One Line, Two Line, Uh, Where's the Other Two: Getting beat.  Adam Henrique, Ryane Clowe, and Michael Ryder really didn't do much all night long.  Ryder had a glorious opportunity to score in the first period when the entire Tampa Bay team left him alone in front.  Ryder may have delayed a bit too much as Nabokov slid across and denied the should-be goal with his blocker and stick.  Excellent save and it was Ryder's only shot of the night.  That unit saw plenty of Brendan Morrow and Brett Connolly - and didn't win.  But what really hurt them was their lack of possession going forward.   Clowe looked especially slow, Henrique was invisible, and Ryder was just "there."  I'd like to see how this - and other lines - do when DeBoer has the last change before I start breaking things up.

I would love to see the fourth line get changed because they got wrecked again.  Ruutu helped make an important stop but he is wasted along side Stephen Gionta and Jordin Tootoo.  Gionta had some ugly giveaways such that he should be buying Schneider a steak dinner this week.  Tootoo added very little good and a bunch of icings, including my personal favorite: the dump-in two feet behind the red-line.  This trio got beat by almost everyone, and Jon Cooper made sure Tyler Johnson and Killorn would see them.  No matter who was the defense pairing behind this line, they got beat.  When it was Salvador and Marek Zidlicky, the ice was generally tilted in one way.  Among their few positives, Gionta got hooked by Stamkos that led to the game breaking PPG.  That's a thing but one among other poor plays.  Something's got to give on that line because it's been a net-negative for three straight games.  Three wins isn't a good reason to keep them in place in my view.

Showing You Why They're Here: In contrast, Martin Havlat and Mike Cammalleri showed the Devils faithful why it's a good thing they're here.  Havlat only played just over twelve minutes overall, but good things generally happened when he was on the ice.  He stayed on pucks like his stick had a magnet, he maintained possession in the face of pressure, and he made good reads with the puck.   Unlike the fourths and thirds, he was a reason why the Elias line got plenty of the offense (a.k.a. "spark") going, especially early in the game.  He picked up a secondary assist so his night was not without contribution.  He had a fine game.

Cammalleri's contribution was more obvious: a power play game winning goal.  However, he was more than that.  He played significant minutes on both special teams.  He forechecked well.  He worked hard against pressure like Jagr and Zajac did, like that pass he made to Greene that led to Zajac's goal.  He was willing to set-up down low; he got rewarded with his PPG.  He even showed toughness when he got hit high by Jason Garrison with a cross-check.  He ended up leading the Devils with four shots on net, too.  He, too, had a fine game.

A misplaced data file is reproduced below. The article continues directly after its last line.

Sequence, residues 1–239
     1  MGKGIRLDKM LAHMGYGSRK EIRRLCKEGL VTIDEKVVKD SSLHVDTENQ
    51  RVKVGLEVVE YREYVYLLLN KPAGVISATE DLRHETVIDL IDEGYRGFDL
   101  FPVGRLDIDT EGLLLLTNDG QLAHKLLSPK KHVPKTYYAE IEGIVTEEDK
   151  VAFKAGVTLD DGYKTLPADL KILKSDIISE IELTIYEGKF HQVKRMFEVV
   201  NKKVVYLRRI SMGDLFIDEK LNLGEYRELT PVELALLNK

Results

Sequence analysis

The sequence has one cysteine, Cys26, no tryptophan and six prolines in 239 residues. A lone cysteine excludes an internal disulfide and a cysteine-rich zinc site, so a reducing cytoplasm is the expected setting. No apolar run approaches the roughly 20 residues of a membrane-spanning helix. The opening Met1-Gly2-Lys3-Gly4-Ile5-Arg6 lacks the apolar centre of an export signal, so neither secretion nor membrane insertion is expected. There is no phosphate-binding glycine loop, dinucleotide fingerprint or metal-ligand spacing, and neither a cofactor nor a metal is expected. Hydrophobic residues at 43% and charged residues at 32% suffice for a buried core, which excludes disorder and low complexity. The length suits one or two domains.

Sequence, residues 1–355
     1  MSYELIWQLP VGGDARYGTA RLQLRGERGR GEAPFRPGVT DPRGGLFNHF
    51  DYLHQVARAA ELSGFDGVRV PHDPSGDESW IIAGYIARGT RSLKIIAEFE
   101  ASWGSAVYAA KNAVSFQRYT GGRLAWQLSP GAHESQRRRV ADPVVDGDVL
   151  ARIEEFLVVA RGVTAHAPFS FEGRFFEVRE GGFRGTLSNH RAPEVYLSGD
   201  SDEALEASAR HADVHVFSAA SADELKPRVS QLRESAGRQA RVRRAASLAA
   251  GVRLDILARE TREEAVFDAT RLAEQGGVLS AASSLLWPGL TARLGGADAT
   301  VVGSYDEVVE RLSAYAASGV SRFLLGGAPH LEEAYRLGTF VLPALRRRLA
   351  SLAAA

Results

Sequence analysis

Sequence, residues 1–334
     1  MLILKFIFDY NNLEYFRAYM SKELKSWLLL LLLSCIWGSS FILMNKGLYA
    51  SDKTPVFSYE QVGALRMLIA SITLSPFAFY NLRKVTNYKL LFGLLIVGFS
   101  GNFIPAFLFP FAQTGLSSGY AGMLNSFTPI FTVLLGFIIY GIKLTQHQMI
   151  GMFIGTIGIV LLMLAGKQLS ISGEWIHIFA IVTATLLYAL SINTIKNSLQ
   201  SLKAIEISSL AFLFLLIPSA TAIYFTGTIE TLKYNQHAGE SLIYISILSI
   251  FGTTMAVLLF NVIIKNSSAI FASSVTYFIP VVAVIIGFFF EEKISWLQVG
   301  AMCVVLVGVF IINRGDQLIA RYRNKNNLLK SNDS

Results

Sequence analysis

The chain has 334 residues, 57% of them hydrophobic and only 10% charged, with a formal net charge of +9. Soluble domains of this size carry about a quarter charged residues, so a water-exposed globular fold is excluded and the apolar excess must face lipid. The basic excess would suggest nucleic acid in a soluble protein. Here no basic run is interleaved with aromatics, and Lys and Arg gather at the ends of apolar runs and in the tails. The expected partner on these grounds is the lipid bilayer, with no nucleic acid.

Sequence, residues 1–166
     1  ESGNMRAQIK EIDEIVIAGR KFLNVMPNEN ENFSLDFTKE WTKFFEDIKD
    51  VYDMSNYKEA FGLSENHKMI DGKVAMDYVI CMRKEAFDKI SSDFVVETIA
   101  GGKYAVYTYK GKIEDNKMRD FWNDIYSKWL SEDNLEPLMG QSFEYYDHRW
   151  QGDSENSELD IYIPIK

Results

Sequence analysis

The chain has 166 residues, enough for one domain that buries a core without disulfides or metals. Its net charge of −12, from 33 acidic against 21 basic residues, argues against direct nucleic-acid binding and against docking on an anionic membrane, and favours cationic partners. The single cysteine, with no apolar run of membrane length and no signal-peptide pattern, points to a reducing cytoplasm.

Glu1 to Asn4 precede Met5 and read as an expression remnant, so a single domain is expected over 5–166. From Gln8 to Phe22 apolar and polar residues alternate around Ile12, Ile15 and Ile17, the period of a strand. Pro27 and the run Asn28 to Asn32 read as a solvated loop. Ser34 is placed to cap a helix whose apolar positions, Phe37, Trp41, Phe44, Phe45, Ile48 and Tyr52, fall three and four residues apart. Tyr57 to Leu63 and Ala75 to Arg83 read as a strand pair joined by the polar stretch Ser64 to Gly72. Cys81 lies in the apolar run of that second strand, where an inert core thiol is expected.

Man of the Night: 27 shots may not seem like a lot, but there were plenty of dangerous ones from the Lightning. That team seems to be loaded with players who take strong one-timers.  Schneider came up time and time again (the post helped one time on Ondrej Palat). The goal he allowed to Killorn was a bit weak as it slid under his pad.  But he was massively important in this result; especially early on when it looked like Tampa Bay was going to continue their beat-down ways on New Jersey as if they were Montreal.  I liked how he squared up his body on several of the one-timers and held on to a lot of pucks.

The One That Wasn't, Or Good Call: The New Jersey Devils came perilously close to conceding the first goal of the game tonight and for the first time this season.  Nikita Kucherov retrieved the puck behind the net and nearly beat Schneider to the left post.  Tuomo Ruutu was there for support, but Kucherov nearly jammed it in past Schneider's toe.   He (and his teammates) acted as if he did, but the referee (Chris Rooney or Ian Walsh, I didn't get the number) immediately waved for "no goal." A lengthy review ensued and there was no angle that showed the puck clearly going over the line.

Agony & Ecstasy: The Devils' third power play was terrible. They rarely got set up, Marek Zidlicky lost the puck more than once, and the team spent more time in their own end instead of Tampa Bay's.  Their fourth power play was more ideal. The Devils gained the zone cleanly.  They successfully found seams after that drop back pass in the neutral zone, followed with a pass to either side.  They moved the puck around effectively, setting up players for shots.  Defensemen were jumping up appropriately and forwards had options.  It was also the one that ended with a goal, but the build up looked more like what they wanted to do.  Let's see how much more of the latter we'll see as opposed to the former.

Rookie Game: On the one hand, it wasn't that good of a night for Damon Severson.  He took two obvious penalties, including an obvious one in the third period up 2-1. That's bad.  However, he rode with Andy Greene, saw plenty of Stamkos and his unit, and somehow came out solidly ahead in possession. That's good.  Such as it is with young players; you often have to take some bad with some good.

But Adam Larsson fans should take a closer eye to Eric Gelinas.  I liked Gelinas' shooting but he and Jon Merrill spent plenty of even strength time on defense.  Gelinas was limited to only 9:19 of even strength ice time and just over twelve minutes overall.  I didn't notice any significant drop in ice time from period to period, so I don't think he got hurt (unless I missed it).  Maybe #22 will be the one coming out for #5.  We'll see.

Regarding Florida: Hey, online hockey-writer community, check out Tampa Bay! They had a big crowd that made noise and stuff. And they're in Florida! Yes, the State of Florida.  It's almost like building an organization to ice a really competitive team around a big star brings in attention, tickets, and money!  Next time you see someone lament the other Florida team's attendance, then hit them with a #HOP and let them know about the Lightning.

I still got a kick out of hearing one of the broadcast mics picking up someone whistling a familiar tune. Can't imagine why.

Lastly: While it wasn't pretty or desirable, this is the first time the Devils won three games in a row since last November.  It feels good, man.

Your Take: The New Jersey Devils are 3-0, making the road trip a successful one on points alone. What did you like and not like from this game?  Was I mistaken in how awful Salvador was? Or the other two lines?  Who would you pick as the Devils' best skater tonight? (I'm assuming we all would agree Schneider was an ace tonight.)  What, if anything, impressed you about the Lightning?  Please leave your answers and other thoughts on tonight's game in the comments.

Thanks to everyone who followed along in the Gamethread & Twitter with @InLouWeTrust. Thank you for reading.